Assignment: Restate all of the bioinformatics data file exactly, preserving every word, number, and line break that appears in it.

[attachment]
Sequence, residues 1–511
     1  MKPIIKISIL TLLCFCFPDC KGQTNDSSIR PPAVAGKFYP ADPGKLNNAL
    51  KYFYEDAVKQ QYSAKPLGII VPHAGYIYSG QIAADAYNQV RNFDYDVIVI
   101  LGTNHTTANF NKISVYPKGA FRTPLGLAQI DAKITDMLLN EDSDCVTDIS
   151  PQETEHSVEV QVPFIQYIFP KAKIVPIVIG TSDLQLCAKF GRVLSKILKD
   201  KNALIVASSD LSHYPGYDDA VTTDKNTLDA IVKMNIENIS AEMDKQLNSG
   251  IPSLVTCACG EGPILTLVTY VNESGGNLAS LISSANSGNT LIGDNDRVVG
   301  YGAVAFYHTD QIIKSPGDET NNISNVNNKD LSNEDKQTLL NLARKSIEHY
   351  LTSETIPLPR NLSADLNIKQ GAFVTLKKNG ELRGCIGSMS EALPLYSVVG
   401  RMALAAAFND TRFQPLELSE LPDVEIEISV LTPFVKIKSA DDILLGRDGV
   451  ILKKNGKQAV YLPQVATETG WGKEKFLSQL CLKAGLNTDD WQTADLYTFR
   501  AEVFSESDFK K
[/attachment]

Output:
Sequence, residues 1–511
     1  MKPIIKISIL TLLCFCFPDC KGQTNDSSIR PPAVAGKFYP ADPGKLNNAL
    51  KYFYEDAVKQ QYSAKPLGII VPHAGYIYSG QIAADAYNQV RNFDYDVIVI
   101  LGTNHTTANF NKISVYPKGA FRTPLGLAQI DAKITDMLLN EDSDCVTDIS
   151  PQETEHSVEV QVPFIQYIFP KAKIVPIVIG TSDLQLCAKF GRVLSKILKD
   201  KNALIVASSD LSHYPGYDDA VTTDKNTLDA IVKMNIENIS AEMDKQLNSG
   251  IPSLVTCACG EGPILTLVTY VNESGGNLAS LISSANSGNT LIGDNDRVVG
   301  YGAVAFYHTD QIIKSPGDET NNISNVNNKD LSNEDKQTLL NLARKSIEHY
   351  LTSETIPLPR NLSADLNIKQ GAFVTLKKNG ELRGCIGSMS EALPLYSVVG
   401  RMALAAAFND TRFQPLELSE LPDVEIEISV LTPFVKIKSA DDILLGRDGV
   451  ILKKNGKQAV YLPQVATETG WGKEKFLSQL CLKAGLNTDD WQTADLYTFR
   501  AEVFSESDFK K